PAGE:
On occasion

On occasion
Occasion Oc*ca"sion ([o^]k*k[=a]"zh[u^]n), n. [F. occasion, L. occasio, fr. occidere, occasum, to fall down; ob (see {Ob-}) + cadere to fall. See {Chance}, and cf. {Occident}.] 1. A falling out, happening, or coming to pass; hence, that which falls out or happens; occurrence; incident; event. [1913 Webster]

The unlooked-for incidents of family history, and its hidden excitements, and its arduous occasions. --I. Taylor. [1913 Webster]

2. A favorable opportunity; a convenient or timely chance; convenience. [1913 Webster]

Sin, taking occasion by the commandment, deceived me. --Rom. vii. 11. [1913 Webster]

I'll take the occasion which he gives to bring Him to his death. --Waller. [1913 Webster]

3. An occurrence or condition of affairs which brings with it some unlooked-for event; that which incidentally brings to pass an event, without being its efficient cause or sufficient reason; accidental or incidental cause. [1913 Webster]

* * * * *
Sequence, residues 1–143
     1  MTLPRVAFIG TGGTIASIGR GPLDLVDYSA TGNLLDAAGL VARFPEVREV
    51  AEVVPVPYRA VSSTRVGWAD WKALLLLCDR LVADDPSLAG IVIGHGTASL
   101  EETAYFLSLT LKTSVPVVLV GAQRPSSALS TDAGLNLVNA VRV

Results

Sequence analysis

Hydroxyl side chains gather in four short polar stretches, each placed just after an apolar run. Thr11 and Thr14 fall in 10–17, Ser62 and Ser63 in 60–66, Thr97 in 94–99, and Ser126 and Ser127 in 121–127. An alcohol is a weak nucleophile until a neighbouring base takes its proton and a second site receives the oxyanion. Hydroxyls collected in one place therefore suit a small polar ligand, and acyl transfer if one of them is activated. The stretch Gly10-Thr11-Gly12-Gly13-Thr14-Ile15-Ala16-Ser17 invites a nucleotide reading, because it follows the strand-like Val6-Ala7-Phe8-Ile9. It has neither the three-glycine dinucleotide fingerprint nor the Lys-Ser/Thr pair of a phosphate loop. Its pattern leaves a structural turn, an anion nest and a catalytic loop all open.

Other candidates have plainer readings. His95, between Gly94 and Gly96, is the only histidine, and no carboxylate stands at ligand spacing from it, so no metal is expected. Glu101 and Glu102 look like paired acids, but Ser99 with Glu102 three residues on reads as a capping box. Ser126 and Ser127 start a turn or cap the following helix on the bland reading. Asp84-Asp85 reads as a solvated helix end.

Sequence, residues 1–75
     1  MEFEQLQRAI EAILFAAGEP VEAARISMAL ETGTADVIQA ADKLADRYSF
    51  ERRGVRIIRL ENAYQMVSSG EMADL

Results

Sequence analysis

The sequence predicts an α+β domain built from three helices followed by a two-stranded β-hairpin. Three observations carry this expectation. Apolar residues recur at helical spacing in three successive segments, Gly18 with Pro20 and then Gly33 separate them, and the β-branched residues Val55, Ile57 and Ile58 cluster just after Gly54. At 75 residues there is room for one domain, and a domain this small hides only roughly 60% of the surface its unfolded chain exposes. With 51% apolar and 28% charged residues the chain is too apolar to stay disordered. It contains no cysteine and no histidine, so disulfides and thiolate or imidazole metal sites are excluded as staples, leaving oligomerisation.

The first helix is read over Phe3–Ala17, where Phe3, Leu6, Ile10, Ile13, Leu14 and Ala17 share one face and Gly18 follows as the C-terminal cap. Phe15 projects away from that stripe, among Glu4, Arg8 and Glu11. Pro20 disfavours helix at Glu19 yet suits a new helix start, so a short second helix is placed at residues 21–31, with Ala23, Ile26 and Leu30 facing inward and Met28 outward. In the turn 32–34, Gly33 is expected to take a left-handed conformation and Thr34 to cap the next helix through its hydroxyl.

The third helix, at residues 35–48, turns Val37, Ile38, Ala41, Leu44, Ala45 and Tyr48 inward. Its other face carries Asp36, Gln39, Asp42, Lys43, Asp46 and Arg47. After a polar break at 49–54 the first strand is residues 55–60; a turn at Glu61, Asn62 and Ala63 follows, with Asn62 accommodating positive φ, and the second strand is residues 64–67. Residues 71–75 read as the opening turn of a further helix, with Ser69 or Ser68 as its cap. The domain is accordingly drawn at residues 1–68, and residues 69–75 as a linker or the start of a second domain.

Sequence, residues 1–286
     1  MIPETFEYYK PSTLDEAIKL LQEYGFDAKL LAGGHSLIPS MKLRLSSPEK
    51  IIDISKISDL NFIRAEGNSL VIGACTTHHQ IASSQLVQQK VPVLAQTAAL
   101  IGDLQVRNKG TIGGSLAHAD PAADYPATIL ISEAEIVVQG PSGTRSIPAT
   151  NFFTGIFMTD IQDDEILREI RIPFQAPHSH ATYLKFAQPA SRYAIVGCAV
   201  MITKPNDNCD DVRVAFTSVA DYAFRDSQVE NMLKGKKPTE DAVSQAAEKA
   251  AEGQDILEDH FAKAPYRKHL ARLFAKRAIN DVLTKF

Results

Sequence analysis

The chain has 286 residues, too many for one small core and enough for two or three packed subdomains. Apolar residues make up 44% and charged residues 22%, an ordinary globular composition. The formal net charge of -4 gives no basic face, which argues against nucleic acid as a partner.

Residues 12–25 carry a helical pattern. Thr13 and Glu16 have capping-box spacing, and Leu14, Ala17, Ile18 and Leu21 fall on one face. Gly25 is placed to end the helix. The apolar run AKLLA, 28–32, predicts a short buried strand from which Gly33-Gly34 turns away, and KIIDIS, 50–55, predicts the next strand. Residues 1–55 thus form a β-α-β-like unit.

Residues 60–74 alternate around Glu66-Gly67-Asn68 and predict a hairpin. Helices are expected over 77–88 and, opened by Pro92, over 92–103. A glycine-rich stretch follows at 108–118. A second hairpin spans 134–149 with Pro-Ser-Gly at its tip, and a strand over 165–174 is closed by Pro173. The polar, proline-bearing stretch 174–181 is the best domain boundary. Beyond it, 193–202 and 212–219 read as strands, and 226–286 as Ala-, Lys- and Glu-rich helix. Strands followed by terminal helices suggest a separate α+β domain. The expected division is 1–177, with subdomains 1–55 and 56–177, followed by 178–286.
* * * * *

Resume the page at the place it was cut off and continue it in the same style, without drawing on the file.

Her beauty was the occasion of the war. --Dryden. [1913 Webster]

4. Need; exigency; requirement; necessity; as, I have no occasion for firearms. [1913 Webster]

After we have served ourselves and our own occasions. --Jer. Taylor. [1913 Webster]

When my occasions took me into France. --Burke. [1913 Webster]

5. A reason or excuse; a motive; a persuasion. [1913 Webster]

Whose manner was, all passengers to stay, And entertain with her occasions sly. --Spenser. [1913 Webster]

{On occasion}, (a) in case of need; in necessity; as convenience requires. ``That we might have intelligence from him on occasion,'' --De Foe. (b) occasionally; from time to time; now and then. [1913 Webster +PJC]

Syn: Need; incident; use. See {Opportunity}. [1913 Webster]

The Collaborative International Dictionary of English. 2000.